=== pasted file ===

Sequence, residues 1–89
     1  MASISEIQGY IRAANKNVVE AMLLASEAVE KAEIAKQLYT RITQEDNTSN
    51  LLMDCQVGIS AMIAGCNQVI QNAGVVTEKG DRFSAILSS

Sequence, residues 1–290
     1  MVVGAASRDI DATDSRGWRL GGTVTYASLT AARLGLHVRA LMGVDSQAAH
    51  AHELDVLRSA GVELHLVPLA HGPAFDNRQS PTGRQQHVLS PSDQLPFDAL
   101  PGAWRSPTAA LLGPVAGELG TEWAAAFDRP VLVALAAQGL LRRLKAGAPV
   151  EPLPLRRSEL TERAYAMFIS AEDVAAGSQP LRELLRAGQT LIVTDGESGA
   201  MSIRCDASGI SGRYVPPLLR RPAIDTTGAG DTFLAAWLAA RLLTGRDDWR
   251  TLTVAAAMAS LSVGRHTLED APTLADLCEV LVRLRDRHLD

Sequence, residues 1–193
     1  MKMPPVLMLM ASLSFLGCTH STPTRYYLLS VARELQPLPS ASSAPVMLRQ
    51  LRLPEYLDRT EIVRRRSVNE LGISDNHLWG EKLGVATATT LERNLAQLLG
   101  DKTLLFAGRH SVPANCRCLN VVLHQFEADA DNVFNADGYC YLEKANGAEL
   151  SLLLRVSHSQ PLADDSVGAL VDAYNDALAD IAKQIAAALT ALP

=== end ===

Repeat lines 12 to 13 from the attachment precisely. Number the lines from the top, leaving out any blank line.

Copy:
     1  MKMPPVLMLM ASLSFLGCTH STPTRYYLLS VARELQPLPS ASSAPVMLRQ
    51  LRLPEYLDRT EIVRRRSVNE LGISDNHLWG EKLGVATATT LERNLAQLLG